U.S. Secretary of State Antony Blinken on Wednesday told his counterparts in the Indo-Pacific that the United States rejects Beijing's excessive maritime claims in the South China Sea and highlighted evolving multilateral mechanisms such as the "Quad" in tackling global challenges.
According to the State Department, Blinken and Philippine Foreign Secretary Teodoro Locsin affirmed during their phone talks that a strong bilateral alliance is vital to a "free and open" Indo-Pacific amid China's growing assertiveness in the region.
On the disputed South China Sea, the new secretary of state, who assumed the post Tuesday, said the United States rejects China's claims in the waters "to the extent they exceed the maritime zones that China is permitted to claim under international law."
Tensions have grown over the South China Sea issue as the previous administration of President Donald Trump has slammed Beijing's claims to offshore resources across most of the disputed waters "completely unlawful."
Beijing has overlapping territorial claims with Brunei, Malaysia, the Philippines, Vietnam and Taiwan in the South China Sea, which is believed to be rich in oil and gas deposits.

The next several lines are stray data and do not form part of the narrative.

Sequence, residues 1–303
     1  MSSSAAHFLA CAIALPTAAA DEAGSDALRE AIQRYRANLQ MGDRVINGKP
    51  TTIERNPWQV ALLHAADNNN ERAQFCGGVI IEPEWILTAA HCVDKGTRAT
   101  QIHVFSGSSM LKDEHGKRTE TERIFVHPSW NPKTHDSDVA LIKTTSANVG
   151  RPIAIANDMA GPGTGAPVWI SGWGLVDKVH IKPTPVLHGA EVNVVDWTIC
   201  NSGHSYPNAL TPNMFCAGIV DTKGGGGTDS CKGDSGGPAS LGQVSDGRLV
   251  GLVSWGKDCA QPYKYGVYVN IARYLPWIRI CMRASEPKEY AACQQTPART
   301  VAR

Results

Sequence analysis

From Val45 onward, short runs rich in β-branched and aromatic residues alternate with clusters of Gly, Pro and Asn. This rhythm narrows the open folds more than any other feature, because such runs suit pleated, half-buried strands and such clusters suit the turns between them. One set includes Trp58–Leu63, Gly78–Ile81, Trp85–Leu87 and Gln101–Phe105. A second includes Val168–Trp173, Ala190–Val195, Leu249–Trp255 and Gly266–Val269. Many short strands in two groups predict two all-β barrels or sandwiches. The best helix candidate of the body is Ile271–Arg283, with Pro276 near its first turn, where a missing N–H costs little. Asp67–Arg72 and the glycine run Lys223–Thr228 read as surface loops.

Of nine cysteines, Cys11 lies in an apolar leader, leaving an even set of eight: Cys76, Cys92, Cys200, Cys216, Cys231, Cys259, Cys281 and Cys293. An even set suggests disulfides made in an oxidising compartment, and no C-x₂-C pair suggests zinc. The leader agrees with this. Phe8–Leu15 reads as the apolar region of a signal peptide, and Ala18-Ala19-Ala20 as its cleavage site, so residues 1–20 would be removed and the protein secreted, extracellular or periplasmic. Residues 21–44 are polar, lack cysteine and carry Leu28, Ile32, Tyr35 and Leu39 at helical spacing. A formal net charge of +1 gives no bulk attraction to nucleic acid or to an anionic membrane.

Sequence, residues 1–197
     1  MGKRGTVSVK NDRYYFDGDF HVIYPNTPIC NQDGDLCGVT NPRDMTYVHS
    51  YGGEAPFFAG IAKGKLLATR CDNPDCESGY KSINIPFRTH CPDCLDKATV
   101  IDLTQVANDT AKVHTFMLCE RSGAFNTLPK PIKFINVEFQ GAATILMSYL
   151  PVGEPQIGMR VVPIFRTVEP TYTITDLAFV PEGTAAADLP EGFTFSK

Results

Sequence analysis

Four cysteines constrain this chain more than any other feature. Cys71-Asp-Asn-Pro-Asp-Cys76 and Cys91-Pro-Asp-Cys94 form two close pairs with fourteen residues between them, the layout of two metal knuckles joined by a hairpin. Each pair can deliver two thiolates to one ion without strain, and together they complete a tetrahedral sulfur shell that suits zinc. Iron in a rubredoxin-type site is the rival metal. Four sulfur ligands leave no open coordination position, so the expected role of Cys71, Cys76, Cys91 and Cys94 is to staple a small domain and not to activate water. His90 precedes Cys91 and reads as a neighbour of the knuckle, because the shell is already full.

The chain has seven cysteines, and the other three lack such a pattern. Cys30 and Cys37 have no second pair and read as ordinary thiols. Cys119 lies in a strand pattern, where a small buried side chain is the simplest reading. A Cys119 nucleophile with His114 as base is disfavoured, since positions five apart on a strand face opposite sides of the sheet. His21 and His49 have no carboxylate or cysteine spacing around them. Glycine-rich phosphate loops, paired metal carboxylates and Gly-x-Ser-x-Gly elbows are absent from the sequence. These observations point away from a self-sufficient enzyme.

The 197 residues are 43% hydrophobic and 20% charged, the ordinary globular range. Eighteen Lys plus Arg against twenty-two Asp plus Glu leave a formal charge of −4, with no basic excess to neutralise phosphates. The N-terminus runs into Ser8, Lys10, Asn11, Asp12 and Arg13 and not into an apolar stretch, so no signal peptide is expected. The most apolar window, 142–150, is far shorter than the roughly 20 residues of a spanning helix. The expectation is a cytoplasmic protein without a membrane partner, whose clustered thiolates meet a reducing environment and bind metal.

"Secretary Blinken pledged to stand with Southeast Asian claimants in the face of PRC pressure," the department said in a press release, citing the acronym of the People's Republic of China.
In a separate phone call with his Australian counterpart Marise Payne, Blinken and Payne expressed their commitment to working together to enhance cooperation in the Indo-Pacific region between like-minded countries, according to the department.
Blinken emphasized the importance of cooperation through multilateral organizations and mechanisms like the Quad, a grouping that also involves Japan and India, to tackle challenges such as the coronavirus pandemic and climate change, it said.
The former deputy secretary of state also held calls with his British, French and German counterparts, during which climate change and China were among the topics that were discussed, according to the department.